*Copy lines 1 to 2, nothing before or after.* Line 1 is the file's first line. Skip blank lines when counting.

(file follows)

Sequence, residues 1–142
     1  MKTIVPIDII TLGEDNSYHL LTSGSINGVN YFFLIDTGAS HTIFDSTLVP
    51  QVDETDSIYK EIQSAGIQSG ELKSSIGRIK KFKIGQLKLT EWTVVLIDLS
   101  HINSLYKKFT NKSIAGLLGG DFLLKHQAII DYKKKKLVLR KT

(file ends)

Sequence, residues 1–142
     1  MKTIVPIDII TLGEDNSYHL LTSGSINGVN YFFLIDTGAS HTIFDSTLVP